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Systole and Diastole: Action and Contemplation

April 23, 2024


Hans Urs von Balthasar once summarized the spiritual life, or what he more descriptively referred to as “the life of love,” as “an eternal oscillation between resting in God and acting with God’s help, between systole and diastole.1 We live in an era in which considerably more emphasis tends to be placed on “systole” than on “diastole,” on “acting with God’s help” than on “resting in God,” on action than on contemplation. The risk in placing so much emphasis on the “active” part of the life of love is that we gradually may come to believe that the “contemplative” part is less and less important, and maybe even dispensable. After all, there’s so much to be done, whether we’re talking about social justice work, efforts aimed at evangelization, charitable work, or any other important form of Christian action. With so much work to be done, who has time for prayer? But of course, we need both: contemplation as well as action, resting in God as well as acting with God’s help. Faith apart from works is, indeed, dead (James 2:26), but works apart from a faith that is rooted in prayer and contemplation tend to be dead as well, or soon will be. As Balthasar puts it, “Whoever does not come to know the face of God in contemplation will not recognize it in action, even when it reveals itself to him in the face of the oppressed and humiliated.”2

Action aimed at evangelization, social justice, etc. is a good thing, but action aimed at such goals that is also deeply rooted in prayer, in a profoundly contemplative life, is a much better thing. When we take time to “rest in God,” God’s Spirit, God’s dynamic power and love, can then flow more freely through our actions, making those actions more effective and impactful. The more our lives are rooted in the divine love, the more that divine love can flow through us and out into the world, a world which so desperately needs to experience God’s love through us. The better we know Jesus Christ via prayer and contemplation, the better we will be able to see and serve Jesus in other people.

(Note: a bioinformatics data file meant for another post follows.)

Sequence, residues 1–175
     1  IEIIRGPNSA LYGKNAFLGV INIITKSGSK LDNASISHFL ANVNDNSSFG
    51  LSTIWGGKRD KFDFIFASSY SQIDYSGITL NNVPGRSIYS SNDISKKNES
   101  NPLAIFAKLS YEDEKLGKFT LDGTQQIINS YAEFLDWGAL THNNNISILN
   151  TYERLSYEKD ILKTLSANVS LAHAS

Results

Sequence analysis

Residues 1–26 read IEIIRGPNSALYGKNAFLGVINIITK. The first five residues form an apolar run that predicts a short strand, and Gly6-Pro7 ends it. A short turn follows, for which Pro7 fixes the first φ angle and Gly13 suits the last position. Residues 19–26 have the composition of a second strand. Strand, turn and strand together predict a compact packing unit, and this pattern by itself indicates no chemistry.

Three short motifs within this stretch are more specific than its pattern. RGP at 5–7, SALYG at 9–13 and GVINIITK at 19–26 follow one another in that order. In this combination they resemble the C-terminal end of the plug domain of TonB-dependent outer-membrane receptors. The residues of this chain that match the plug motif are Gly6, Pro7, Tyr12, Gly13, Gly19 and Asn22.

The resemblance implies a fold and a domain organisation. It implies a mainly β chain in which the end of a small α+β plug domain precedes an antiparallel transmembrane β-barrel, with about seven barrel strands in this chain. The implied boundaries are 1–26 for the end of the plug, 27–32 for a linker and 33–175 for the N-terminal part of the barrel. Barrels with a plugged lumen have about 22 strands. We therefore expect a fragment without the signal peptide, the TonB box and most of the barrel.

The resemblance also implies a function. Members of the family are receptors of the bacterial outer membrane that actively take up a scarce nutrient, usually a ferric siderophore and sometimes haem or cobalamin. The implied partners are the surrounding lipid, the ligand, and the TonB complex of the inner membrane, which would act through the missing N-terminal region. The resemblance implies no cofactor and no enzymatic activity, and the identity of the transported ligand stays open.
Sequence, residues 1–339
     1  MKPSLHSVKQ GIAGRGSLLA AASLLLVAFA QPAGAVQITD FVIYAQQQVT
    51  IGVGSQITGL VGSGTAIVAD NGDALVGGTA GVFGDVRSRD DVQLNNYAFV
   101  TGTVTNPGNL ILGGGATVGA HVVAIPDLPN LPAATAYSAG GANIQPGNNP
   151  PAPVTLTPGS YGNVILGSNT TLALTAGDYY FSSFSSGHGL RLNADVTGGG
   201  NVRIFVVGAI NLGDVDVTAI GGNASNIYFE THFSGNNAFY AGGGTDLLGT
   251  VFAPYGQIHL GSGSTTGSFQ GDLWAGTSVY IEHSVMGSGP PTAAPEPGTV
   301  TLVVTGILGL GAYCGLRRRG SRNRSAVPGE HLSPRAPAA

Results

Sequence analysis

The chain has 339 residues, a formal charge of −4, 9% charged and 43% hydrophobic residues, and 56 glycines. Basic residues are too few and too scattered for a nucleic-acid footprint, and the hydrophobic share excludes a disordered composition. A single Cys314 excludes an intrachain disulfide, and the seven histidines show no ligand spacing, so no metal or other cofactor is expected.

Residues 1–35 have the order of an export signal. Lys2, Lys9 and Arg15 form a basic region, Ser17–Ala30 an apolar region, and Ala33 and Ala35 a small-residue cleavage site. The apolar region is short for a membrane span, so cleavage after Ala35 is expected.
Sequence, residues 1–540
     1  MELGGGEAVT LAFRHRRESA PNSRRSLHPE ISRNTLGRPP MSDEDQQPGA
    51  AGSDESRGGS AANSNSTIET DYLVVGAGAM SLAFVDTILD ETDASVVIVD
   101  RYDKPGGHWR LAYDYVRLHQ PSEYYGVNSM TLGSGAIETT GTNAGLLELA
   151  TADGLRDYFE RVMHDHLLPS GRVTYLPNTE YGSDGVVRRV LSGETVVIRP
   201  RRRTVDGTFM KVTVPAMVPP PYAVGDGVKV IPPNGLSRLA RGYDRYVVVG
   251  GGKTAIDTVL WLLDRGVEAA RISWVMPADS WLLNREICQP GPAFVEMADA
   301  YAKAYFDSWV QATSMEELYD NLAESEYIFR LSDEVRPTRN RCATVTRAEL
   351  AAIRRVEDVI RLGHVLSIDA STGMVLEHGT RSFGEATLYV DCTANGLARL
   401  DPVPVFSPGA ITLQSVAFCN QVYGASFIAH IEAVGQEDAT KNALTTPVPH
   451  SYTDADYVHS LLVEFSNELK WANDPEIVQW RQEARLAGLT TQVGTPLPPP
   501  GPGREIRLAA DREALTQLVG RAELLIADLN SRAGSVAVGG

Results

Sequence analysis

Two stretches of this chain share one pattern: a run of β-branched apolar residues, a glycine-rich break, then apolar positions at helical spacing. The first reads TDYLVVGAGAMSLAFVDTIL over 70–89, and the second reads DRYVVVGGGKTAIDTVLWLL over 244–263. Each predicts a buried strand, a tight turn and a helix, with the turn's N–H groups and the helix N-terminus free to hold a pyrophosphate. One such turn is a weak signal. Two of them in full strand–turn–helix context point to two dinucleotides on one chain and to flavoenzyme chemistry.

The relative proportion of time spent in contemplation and action can vary across individuals, depending on their temperament, gifts, etc., as Balthasar observes with regard to some very famous saints: “We can compare Catherine of Siena, for instance, who out of long and solitary periods of prayer ‘erupts’ into sudden action, with Little Thérèse, who acts only in contemplation, or with Saint Ignatius, who contemplates in action!”3 Ideally, the oscillation between contemplation and action eventually grows into an interpenetration of the two, where prayer becomes action and action becomes prayer.4 Jesus, in his earthly life, perfectly embodied this interpenetration of prayer and action: “All of [Christ’s] activity is a liturgical service before the Father, and, thus, all of his activity is prayer, and all of his prayer is an action and a sacrifice for men before God. All of his prayer leads of itself to action, and all of his activity becomes a prayerful glorification of the Father because of its generosity and its sacrificial character.”5

The better we know Jesus Christ via prayer and contemplation, the better we will be able to see and serve Jesus in other people.